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The circuit design software I have seen has the ability to automatically route traces etc. on a PCB.
But why doesn't this software have the ability to automatically place components on a PCB say to minimise total board size?
Is this just too complicated to be automated?

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    \$\begingroup\$ Autorouters should be able to optimally place components based on constraints (i.e. "button must go here", "LED can be anywhere in this area"). They should also be able to select the optimal pins to use on parts that have lots of equivalent pins (i.e. "use any io pin that has PWM"). Unfortunately, I have never seen one that does either of these functions. Maybe someday. \$\endgroup\$ – bigjosh Apr 25 '15 at 21:40
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    \$\begingroup\$ placement (and orientation, gate swapping, pin swapping) is really, really important. It is the most important thing for getting good routing. I think a smart autoplacer should start from the schematic placement, unless the schematic is one of those modern "boxes surrounded by netlists" abominations. \$\endgroup\$ – markrages Apr 25 '15 at 21:44
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    \$\begingroup\$ coming from a background thats not circuit design, it seems to me that the rats nest should be enough to layout all the components optimally, perhaps to some constraints. Are most real circuits designed more manually than this? \$\endgroup\$ – Adam Apr 25 '15 at 21:50
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    \$\begingroup\$ In short, optimally laying out components - even without all the considerations that come from it being an actual, non-ideal circuit - is a very difficult CS problem. In fact, it's an instance of the Traveling Salesman Problem, and as such an optimal solution is infeasible. \$\endgroup\$ – Nick Johnson Apr 25 '15 at 22:13
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    \$\begingroup\$ @Gregd'Eon I wonder the same. Surely with more work auto-placers can understand the roles of decoupling caps, and simulate circuit noise etc \$\endgroup\$ – Adam Apr 25 '15 at 23:22
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I have been designing some PCBs recently and I would suggest you NOT to use auto-placer or auto-router for your final product. (Proteus has auto placer.)

First of all - Your software is as intelligent as an earthworm when it comes to auto placement or auto routing. In other words, it's dumb as a potato.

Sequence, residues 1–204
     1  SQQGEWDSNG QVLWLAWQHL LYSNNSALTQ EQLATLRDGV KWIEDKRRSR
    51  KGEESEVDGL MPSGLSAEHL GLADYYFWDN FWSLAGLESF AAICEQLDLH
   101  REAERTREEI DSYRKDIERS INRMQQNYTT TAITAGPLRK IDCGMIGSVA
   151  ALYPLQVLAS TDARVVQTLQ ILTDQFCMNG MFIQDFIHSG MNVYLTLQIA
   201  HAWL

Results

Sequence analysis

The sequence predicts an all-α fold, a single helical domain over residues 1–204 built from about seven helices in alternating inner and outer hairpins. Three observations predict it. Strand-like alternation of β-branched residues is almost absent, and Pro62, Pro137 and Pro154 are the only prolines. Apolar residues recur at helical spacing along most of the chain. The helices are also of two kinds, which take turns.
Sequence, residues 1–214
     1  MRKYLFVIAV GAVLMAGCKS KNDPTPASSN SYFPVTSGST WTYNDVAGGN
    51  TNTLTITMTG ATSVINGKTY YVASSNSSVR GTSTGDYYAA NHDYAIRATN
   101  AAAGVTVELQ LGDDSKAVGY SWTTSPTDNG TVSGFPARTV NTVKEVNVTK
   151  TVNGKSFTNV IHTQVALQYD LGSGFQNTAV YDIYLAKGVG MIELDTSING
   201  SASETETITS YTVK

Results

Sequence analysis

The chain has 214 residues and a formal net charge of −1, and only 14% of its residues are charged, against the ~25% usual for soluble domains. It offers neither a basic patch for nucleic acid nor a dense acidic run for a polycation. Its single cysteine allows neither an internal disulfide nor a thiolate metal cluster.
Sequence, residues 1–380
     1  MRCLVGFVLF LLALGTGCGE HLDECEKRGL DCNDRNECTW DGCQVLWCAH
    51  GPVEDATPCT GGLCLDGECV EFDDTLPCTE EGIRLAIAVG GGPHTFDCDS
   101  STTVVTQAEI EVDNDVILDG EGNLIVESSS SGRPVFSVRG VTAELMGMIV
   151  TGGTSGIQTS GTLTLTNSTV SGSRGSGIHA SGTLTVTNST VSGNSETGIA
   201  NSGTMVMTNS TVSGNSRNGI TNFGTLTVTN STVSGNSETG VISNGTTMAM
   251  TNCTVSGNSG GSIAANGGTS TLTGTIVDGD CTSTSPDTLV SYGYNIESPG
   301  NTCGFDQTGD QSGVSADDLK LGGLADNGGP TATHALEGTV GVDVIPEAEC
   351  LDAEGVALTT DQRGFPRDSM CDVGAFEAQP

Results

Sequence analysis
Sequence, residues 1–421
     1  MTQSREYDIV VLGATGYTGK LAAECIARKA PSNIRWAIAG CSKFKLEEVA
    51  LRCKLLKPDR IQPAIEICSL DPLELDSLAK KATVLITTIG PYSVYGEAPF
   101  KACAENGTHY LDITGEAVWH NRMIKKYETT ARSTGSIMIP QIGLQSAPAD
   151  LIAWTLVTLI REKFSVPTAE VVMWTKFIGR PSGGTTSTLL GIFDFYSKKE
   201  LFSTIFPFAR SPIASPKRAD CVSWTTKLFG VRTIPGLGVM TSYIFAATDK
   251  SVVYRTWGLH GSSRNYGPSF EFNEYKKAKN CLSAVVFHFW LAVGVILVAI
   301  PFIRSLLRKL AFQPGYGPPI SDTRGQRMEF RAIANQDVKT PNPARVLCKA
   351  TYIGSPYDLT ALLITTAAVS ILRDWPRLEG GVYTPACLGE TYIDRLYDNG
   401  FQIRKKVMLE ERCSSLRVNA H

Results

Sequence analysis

Auto routing would not know which placement will get you a better trace pattern which will enable you not only to make an efficient design but also to minimize noise in the circuit. Similarly auto routing doesn't know that shifting a component slightly to the left or right would enable you to route a track in a better way. These tools will just give you a design which is correct according to the circuit. But when it comes to real world performance, things are different.
For example:

  • Decoupling capacitors should be physically close to the IC.
  • There should be loops of least enclosed area.
  • Ground plane should be as solid as possible.
  • No interfering signals should be close to your crystal oscillator etc.

Your software won't respect these concepts because these are not mentioned in your schematic. You will know only when you have got the PCB manufactured and it doesn't work as expected all the time. I am not saying it won't work. It might work, for 90% of times but you have to take that 10% into consideration too.

My suggestions is that you should learn some PCB designing concepts and try placing and routing on your own. You can always post your schematic and board layout in forums and experts will give you their opinion/suggestions.

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    \$\begingroup\$ +1 for the earthworm and the potato. Every time I used auto placer and autorouter, I had done the critical bits and left it the easy bit but even that was too much to ask: 60% of the board was placed and routed after the final pass. Better off doing everything ourselves, except perhaps for huge requirements designs with plenty of free space. \$\endgroup\$ – Mister Mystère Apr 25 '15 at 23:53
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    \$\begingroup\$ @Mister - Yeah you are right. Even I use auto router every now and then to get an idea for the routing and I finish off the critical sections. However I am using Eagle these days and it doesn't have auto placer. \$\endgroup\$ – Whiskeyjack Apr 26 '15 at 10:27
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    \$\begingroup\$ Typo in my comment above: "for huge LOW* requirements designs". Obviously, a high frequency digital frequency won't perform well with autorouting and autoplacing... \$\endgroup\$ – Mister Mystère Apr 26 '15 at 11:05
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    \$\begingroup\$ I do not see any theoretical reason why an auto-router could not take into account all of the above mentioned constraints and best practices when auto-placing parts. In fact, an ideal auto-router should be able to find the optimal placement that meets these goals better than a human can. It is a hard problem to be sure, but not impossible and I'd bet that soon we will start to see cloud-based auto-routers with auto-placers who can beat even the best humans. \$\endgroup\$ – bigjosh Apr 28 '15 at 21:56